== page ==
Prescribed fire is the most environmentally sound and least expensive method of preparing areas for the seeding or planting process. Materials such as brush or slash which remain following any type of harvest can inhibit mechanical replanting and retain nutrients which could be used by the young trees to be planted or seeded. The return of nutrients to the soil through the natural decay process is extremely time consuming, but may be hastened in a clean and efficient manner through burning.

While mechanical removal is an alternative to prescribed burning in site preparation, its use is considerably more expensive, destructive, and fails to return valuable nutrients to the soil.


Certain pathogens that reduce growth in pines and other species, can be controlled or eliminated by the use of prescribed burning. A classic example of this is brown spot needle blight in longleaf pine. This is a fire tolerant species which has adapted to allow fire to be utilized at an early stage of its life. Once the diseased needles on young pine trees have been consumed by fire, the blight is controlled, and the seedlings can continue to store carbohydrates in their roots. This can accelerate the growth response of long leaf pine by 10 or 12 years.


Fire and wildlife have had a long and intimate association both in and out of a forest environment. Unlike wildfire, prescribed fire is rarely lethal to most forms of wildlife. However, it does have profound effects on them. Fire is an efficient and economical tool for improving habitat for certain wildlife species. Prescribed burning alone is the only alternative in most cases to increasing and maintaining healthy wildlife populations. Some of the effects of prescribed burning include:

  • Increased yield of herbs and legumes
  • Increase in browse and browse quality
  • Opening for feeding and travel

Moreover, species diversity maintenance can be accomplished with the proper use of prescribed fire. Certain species such as scrub jays and quail require specific cover types for nesting that can only be brought about through a fairly frequent prescribed burning program, while others such as deer and turkey can be maintained in areas receiving less frequent prescribed burning.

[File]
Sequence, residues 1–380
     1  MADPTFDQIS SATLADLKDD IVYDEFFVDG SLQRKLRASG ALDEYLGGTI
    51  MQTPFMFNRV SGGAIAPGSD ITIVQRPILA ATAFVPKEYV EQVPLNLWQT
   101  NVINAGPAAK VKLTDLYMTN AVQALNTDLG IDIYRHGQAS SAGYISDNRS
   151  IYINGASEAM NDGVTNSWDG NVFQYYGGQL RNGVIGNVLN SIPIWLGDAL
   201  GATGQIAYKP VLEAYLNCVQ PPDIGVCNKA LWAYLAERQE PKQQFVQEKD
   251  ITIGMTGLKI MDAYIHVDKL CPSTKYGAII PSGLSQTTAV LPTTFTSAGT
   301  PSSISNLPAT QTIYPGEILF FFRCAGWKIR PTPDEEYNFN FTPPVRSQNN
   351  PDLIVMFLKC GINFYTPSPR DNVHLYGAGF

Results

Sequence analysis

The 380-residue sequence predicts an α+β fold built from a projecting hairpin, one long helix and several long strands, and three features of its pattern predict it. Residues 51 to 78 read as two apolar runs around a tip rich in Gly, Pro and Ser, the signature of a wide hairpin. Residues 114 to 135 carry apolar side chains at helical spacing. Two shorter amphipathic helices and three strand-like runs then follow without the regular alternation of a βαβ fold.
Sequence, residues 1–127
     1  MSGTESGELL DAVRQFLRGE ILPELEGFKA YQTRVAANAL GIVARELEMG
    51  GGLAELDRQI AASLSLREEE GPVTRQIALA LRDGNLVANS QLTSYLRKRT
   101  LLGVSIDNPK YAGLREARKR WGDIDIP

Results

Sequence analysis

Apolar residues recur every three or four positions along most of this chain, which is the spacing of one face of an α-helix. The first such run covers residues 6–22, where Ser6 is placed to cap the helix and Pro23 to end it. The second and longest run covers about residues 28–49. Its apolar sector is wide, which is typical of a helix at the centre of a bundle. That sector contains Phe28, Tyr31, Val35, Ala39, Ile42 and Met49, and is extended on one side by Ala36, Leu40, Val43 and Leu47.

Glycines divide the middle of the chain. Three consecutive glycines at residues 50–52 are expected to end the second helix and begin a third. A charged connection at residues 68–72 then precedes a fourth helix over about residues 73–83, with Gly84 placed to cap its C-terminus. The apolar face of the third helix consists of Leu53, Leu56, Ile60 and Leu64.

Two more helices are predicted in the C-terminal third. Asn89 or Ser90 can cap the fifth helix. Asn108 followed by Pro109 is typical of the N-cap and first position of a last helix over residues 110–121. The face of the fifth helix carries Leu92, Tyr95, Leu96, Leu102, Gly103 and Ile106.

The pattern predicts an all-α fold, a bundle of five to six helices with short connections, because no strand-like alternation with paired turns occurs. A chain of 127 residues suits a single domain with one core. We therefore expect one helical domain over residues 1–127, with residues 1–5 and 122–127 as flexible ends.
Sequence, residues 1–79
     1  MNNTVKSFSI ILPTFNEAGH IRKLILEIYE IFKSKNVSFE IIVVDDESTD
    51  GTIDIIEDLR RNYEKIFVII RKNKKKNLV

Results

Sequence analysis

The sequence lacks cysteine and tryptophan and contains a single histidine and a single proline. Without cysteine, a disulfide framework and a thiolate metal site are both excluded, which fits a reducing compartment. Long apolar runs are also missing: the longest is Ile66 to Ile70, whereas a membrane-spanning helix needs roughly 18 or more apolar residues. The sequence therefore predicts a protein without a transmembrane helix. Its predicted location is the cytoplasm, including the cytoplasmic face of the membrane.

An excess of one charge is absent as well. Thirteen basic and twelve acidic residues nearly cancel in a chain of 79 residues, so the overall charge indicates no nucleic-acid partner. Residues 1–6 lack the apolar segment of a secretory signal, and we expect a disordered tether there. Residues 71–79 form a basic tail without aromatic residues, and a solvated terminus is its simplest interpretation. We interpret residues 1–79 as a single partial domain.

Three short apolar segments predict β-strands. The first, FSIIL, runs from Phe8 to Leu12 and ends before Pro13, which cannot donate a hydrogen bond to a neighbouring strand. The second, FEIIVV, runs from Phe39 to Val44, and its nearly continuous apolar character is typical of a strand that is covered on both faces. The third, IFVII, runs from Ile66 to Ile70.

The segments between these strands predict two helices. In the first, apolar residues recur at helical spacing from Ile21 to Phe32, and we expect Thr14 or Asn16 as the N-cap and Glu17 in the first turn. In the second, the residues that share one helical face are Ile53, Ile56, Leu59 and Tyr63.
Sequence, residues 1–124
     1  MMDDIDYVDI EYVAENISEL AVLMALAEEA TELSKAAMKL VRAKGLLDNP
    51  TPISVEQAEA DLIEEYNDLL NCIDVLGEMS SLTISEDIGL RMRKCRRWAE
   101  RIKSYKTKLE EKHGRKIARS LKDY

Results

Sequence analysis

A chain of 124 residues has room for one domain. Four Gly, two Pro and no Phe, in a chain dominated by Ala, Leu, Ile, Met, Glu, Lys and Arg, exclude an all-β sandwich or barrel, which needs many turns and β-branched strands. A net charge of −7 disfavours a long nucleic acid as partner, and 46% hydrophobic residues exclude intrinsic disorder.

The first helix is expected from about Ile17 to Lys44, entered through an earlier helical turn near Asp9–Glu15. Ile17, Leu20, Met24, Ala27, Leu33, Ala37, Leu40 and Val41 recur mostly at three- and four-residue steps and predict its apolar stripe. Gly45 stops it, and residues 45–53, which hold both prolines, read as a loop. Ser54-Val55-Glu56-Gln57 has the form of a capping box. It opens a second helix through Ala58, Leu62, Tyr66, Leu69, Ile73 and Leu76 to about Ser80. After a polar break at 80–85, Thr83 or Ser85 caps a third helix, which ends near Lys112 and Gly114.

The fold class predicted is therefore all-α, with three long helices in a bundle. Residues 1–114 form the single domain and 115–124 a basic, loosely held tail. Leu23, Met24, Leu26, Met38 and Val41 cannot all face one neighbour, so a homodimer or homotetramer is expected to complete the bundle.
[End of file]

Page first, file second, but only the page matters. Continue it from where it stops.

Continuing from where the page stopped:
In Florida, more acres were being burned for grazing purposes than for all other uses of fire combined. Both forest and non-forest land use types are involved. An eight year study of the effects of grazing and burning on a coastal plain pine-wood area near Alapaha, Georgia by Halls, Southwell, and Knox in 1952, gave the following results in terms of forage production and cattle weight gains:

The effect of winter burning on forage quality was pronounced, but primarily limited to the spring months. Cattle gains were much greater on burned range than on unburned range during the spring, and 2 to 3 times higher for the entire season. Also, the cattle showed a strong preference in the spring for recently burned areas when available.


Most of Florida's natural systems are dependent upon periodic fire for maintenance of their biological integrity. Plant species which occupy biological communities such as pine flatwoods, sandhills and sand pine scrub, demonstrate the recurring historical presence of fire through their developed "fire tolerant" characteristics. For most such species, fire is required for regeneration and growth, thus demonstrating the essential role of fire in their continued existence. Without fire, shade tolerant species will surpass the pines and fire tolerant species resulting in a far less diverse plant community. Additionally, many species on federal and state threatened and endangered lists rely on fire for their survival, e.g., red-cockaded woodpecker. If fire were totally excluded from the systems where these species exist, tremendous habitat loss and population declines would be almost certain. The use of prescribed burning is an irreplaceable process in maintaining biological diversity and balance.